I hesitate to offer advice to the amateur vetting squad over at Breitbart.com, but here goes: If you have to start a piece with a disclaimer announcing that "Breitbart News is a site that has never advocated the narrative of 'Birtherism,'" then you're doing something wrong.
There is no getting out in front of birther allegations.
The latest installment of the self-serious and wildly incompetent Breitbart.com-led "vetting" of President Obama concerns a 1991 pamphlet published by Obama's former literary agency that erroneously describes Obama as being "born in Kenya." The Breitbartlings claim they're not publishing this as bait for the unkillable birther conspiracy, but rather because... well, even they don't seem too sure:
It is evidence--not of the President's foreign origin, but that Barack Obama's public persona has perhaps been presented differently at different times.
It's actually evidence of the passive voice's capacity for mischief. And while they might not consider this "evidence" of Obama's "foreign origin," all the birther troglodytes out there certainly do.
Later in the piece they say this fits "a pattern in which Obama -- or the people representing and supporting him -- manipulate his public persona." Um... OK? Left unexplained is what benefit/motive Obama and his support network would have in lying about his birthplace in a pamphlet that would be viewed by a vanishingly small audience.
Also, prior to the pamphlet's publication, Obama had apparently been going around telling major newspapers that he was born in Hawaii. When he was elected to the Harvard Law Review in 1990, the New York Times reported:
The new president of the Review is Barack Obama, a 28-year-old graduate of Columbia University who spent four years heading a community development program for poor blacks on Chicago's South Side before enrolling in law school. His late father, Barack Obama, was a finance minister in Kenya and his mother, Ann Dunham, is an American anthropologist now doing fieldwork in Indonesia. Mr. Obama was born in Hawaii.
''The fact that I've been elected shows a lot of progress,'' Mr. Obama said today in an interview. ''It's encouraging."
Similar pre-1991 mentions of Obama's Hawaiian birth can be found in articles by the Los Angeles Times and the Associated Press.
So none of this really makes any sense or has any explanation that isn't insane. But's that's unimportant because...
Regardless of the reason for Obama's odd biography, the Acton & Dystel booklet raises new questions as part of ongoing efforts to understand Barack Obama -- who, despite four years in office remains a mystery to many Americans, thanks to the mainstream media.
What are those "new questions"? They don't know. They just know they're questions, and they're new, and the media, and Obama, and whatever.
UPDATE: Teagan Goddard of Political Wire got in touch with the literary agency, and they said it was all just a mistake. "This was nothing more than a fact checking error by me -- an agency assistant at the time. There was never any information given to us by Obama in any of his correspondence or other communications suggesting in any way that he was born in Kenya and not Hawaii."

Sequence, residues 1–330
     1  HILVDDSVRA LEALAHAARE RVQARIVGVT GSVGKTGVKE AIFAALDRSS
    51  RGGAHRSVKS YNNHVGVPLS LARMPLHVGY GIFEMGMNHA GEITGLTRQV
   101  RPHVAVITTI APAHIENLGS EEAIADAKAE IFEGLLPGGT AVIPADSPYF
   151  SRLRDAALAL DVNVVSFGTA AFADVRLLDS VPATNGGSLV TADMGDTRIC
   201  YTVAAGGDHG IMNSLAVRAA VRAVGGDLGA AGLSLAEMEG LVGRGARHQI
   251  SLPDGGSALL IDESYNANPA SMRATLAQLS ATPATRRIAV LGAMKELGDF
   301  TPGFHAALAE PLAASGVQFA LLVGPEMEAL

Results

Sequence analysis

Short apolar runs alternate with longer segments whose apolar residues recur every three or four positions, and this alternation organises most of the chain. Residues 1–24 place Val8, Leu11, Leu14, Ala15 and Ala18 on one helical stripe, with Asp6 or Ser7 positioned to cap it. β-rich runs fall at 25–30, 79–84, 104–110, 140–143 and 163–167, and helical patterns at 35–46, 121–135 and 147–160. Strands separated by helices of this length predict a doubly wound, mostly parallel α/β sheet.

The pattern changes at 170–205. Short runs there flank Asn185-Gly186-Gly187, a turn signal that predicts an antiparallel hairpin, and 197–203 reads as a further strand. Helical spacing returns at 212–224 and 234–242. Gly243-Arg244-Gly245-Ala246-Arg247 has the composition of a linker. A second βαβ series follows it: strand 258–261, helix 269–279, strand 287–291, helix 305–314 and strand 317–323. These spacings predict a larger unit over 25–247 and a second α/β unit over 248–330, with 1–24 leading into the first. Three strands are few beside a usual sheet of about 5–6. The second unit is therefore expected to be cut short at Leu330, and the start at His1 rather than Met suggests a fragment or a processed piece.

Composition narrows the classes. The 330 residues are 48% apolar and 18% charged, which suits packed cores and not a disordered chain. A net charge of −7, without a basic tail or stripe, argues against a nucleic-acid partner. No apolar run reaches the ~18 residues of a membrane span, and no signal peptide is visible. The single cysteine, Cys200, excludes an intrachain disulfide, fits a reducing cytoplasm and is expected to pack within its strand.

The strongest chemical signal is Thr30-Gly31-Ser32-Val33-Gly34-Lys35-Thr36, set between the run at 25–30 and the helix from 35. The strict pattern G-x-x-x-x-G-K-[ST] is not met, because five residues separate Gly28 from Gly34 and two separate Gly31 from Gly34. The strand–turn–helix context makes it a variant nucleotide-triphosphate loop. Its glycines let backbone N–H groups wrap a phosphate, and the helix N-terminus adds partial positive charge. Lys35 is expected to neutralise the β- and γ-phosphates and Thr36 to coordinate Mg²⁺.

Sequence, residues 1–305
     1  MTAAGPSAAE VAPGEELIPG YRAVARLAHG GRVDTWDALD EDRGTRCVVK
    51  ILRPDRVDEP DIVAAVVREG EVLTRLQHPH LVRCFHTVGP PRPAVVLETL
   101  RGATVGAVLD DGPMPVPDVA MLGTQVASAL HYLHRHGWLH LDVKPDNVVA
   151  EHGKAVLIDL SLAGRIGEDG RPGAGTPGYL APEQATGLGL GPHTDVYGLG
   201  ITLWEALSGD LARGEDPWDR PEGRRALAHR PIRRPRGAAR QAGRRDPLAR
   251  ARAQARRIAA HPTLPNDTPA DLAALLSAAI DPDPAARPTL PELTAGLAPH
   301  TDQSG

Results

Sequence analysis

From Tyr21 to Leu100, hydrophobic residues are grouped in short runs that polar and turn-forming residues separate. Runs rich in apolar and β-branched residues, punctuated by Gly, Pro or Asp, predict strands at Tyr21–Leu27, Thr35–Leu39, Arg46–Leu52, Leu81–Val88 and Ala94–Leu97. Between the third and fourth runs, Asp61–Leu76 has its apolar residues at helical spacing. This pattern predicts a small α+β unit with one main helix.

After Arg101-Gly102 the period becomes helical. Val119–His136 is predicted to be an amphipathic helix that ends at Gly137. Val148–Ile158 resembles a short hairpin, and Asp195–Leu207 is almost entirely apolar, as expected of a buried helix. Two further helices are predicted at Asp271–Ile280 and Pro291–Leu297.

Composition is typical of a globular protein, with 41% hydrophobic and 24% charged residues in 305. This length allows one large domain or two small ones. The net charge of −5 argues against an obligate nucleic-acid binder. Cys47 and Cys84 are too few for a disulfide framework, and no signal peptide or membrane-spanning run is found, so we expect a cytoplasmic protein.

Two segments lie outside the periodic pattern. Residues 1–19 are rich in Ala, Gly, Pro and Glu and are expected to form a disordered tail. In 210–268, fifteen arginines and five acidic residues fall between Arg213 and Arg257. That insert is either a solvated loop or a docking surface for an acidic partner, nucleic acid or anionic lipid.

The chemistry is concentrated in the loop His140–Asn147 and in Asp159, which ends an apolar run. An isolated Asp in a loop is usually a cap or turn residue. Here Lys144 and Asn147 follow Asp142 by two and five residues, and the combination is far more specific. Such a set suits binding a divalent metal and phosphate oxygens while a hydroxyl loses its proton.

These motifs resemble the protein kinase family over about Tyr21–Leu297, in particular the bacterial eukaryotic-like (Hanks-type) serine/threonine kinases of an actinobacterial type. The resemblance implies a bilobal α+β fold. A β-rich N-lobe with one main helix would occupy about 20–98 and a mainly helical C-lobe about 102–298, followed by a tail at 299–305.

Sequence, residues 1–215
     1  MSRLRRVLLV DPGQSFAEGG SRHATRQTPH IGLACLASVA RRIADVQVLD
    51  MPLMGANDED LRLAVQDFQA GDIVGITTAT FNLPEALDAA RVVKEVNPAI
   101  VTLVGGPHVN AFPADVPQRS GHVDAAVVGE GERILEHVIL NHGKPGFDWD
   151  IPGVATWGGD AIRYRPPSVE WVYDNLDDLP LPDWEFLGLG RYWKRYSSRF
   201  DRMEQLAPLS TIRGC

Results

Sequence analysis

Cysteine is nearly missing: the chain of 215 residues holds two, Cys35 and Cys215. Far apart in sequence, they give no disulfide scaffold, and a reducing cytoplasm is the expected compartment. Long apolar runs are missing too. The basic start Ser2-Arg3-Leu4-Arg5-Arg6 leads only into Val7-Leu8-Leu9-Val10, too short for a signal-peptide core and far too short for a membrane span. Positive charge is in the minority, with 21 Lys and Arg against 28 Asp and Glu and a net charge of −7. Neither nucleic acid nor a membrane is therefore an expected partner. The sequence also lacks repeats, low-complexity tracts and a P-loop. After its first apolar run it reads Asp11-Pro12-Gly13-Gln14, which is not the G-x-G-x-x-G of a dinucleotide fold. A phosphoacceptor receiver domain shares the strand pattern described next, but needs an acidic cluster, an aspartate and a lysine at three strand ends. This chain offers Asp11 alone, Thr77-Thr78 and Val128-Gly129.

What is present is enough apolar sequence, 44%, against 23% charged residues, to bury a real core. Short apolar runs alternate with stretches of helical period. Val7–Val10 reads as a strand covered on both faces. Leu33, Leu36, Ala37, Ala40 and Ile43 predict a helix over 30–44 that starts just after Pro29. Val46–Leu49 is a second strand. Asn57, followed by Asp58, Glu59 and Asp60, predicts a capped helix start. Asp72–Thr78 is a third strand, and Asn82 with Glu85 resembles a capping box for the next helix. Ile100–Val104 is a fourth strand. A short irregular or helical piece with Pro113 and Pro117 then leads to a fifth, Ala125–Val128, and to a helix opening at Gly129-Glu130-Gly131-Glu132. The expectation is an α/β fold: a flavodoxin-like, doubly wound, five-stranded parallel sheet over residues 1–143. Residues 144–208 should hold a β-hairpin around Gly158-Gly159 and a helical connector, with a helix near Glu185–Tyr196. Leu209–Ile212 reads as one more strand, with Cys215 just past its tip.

Conservative media are once again hyping the amount of oil in the U.S. by including oil shale, ignoring that oil companies have found no profitable way to develop that resource.
The most recent flood of misinformation came after testimony by the Government Accountability Office's Anu Mittal about "oil shale," a sedimentary rock that when heated at high temperatures can produce liquid fuels (except gasoline) with a larger carbon footprint than conventional liquid fuels. While some conservative outlets claimed it was major news, the testimony -- which was based on an October 2010 GAO report -- contained no positive developments for oil shale, which has long been known to exist in large amounts in the U.S. but is not commercially viable. Earlier this year, energy expert Robert Rapier wrote, "It is not at all clear that even at $100 oil the shale in the Green River formation will be commercialized to produce oil." Even an editor at the right-wing blog The American Thinker acknowledged that "any large scale operations" for oil shale development would be "prohibitively expensive at this time." And just recently, Chevron gave up its oil shale lease in Colorado.
Mittal noted in her testimony that no technology to develop oil shale "has been shown to be economically or environmentally viable at a commercial scale." But Fox News' nightly news show and CNSNews.com, a project of the conservative Media Research Center, failed to mention that oil shale is not currently commercially viable. Breitbart.com and Investor's Business Daily incorrectly suggested that oil shale is not being developed because of Obama administration policies, rather than economic considerations. And Powerline suggested that oil shale is in fact viable because of the "advance of extraction technology," seemingly confusing oil shale with tight oil from shale rock, which can be extracted via horizontal drilling and hydrofracking.